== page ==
Don't be put off by the less than subtle cover, or by the first few minutes of in-your-face agitprop - this is a thoughtful and well-constructed polemic against the power of big business. It seeks to persuade not by hysterical finger-pointing, but by exposition of facts and by interviews with well-informed individuals from the media, the corporate world and academe. Half of the interviewees are corporate "insiders", some of them glibly agreeing that there should be more regulation of business, some of them arguing, amusingly, that the problems of the world are due to residual excessive government regulation.
Above all, this film is highly informative. It starts with a history of the corporation, which, in case you didn't know (and I didn't) is a company with the legal status of an individual human being. This is interesting implications for accountability: when a corporation acts illegally, usually the worst than can happen is an expensive fine or out-of-court settlement. Prison sentences for individual directors are usually out of the question, because the entity acting illegally is the business, not the individuals who run it. It is also interesting to find out that a corporation has a legal DUTY, in the United States, to put the interests of its shareholders above all other considerations.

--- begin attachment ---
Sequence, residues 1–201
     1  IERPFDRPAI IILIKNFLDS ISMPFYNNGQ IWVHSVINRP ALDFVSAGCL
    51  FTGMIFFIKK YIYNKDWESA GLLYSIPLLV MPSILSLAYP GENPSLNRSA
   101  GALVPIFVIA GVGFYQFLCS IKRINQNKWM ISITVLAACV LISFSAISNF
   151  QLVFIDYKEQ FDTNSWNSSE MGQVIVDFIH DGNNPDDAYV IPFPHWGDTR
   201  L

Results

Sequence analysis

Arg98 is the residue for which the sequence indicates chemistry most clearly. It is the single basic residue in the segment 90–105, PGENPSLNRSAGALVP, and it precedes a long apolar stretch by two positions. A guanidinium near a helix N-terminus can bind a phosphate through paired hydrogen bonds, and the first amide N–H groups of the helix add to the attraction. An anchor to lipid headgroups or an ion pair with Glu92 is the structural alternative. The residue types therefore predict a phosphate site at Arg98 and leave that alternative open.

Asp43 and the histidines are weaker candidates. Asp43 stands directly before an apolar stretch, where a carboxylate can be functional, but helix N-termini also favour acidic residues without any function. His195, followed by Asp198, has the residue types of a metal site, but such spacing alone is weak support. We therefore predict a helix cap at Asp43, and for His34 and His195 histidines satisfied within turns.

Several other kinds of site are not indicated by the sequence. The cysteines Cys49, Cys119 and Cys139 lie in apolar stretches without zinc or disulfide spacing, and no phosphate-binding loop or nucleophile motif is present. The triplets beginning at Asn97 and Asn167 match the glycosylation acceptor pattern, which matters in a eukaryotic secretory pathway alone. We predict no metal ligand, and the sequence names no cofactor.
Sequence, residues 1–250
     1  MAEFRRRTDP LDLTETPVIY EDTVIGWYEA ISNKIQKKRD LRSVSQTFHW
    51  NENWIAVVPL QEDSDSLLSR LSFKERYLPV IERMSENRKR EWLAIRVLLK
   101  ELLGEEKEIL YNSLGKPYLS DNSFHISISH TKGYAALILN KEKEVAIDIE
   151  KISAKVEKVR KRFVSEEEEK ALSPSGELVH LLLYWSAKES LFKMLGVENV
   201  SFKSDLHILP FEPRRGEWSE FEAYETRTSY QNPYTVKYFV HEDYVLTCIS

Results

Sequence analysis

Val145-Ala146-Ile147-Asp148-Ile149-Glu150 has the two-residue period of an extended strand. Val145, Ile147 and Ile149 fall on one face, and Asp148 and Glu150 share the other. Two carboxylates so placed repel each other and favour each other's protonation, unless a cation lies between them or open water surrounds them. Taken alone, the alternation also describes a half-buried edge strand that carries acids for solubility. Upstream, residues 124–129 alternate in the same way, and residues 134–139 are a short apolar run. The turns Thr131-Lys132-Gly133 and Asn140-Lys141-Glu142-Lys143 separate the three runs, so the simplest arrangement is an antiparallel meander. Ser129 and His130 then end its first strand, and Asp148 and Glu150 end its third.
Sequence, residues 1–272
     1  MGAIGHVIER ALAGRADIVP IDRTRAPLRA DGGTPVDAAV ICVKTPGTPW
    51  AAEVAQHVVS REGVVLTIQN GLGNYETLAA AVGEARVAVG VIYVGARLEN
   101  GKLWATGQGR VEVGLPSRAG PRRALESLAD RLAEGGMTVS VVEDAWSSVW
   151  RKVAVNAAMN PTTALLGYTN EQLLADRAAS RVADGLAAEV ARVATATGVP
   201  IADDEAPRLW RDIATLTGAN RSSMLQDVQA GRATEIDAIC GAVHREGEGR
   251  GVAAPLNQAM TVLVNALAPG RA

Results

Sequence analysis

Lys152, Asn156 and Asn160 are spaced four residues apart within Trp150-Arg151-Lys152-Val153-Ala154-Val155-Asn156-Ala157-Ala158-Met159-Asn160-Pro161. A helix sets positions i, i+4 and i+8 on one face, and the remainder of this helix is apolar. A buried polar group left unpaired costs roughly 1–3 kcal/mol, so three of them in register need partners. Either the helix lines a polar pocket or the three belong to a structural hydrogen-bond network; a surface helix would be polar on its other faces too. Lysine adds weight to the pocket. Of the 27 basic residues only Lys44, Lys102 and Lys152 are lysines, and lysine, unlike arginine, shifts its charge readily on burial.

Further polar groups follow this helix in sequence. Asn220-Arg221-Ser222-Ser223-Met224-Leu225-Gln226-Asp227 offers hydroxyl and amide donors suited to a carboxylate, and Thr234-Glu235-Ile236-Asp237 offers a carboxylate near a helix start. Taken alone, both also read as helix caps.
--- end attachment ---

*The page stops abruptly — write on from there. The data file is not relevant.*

The film traces how lobbying has concentrated power in the hands of the corporations, to the extent that they are today at least as powerful as the politicians supposedly elected to represent the American people. Finally come some long case studies, including the (successful) attempts by FOX News to block the broadcast of a report by two of its journalists on the harmful effects of Monsanto's hormone treatment for cows to increase milk yield. It also describes the uprising that ensued in Bolivia after the World Bank insisted on privatisation of the water supply, so that even the unofficial collection of rainwater by its impoverished citizens was made illegal.
For those who like arguments made in bold strokes, the film's central thesis is that if the corporation is a legal individual, then its personality type is psychopathic. That rather facile metaphor might put you off, but don't let it, because the bulk of the documentary is restrained, informative, and thanks to the interview-based narration, comes straight from the mouths of experts. In the cases of those who support big business, they are often damned by their own words, either because they are so patently insincere and self-contradicting, or because they simply don't care what we think of them.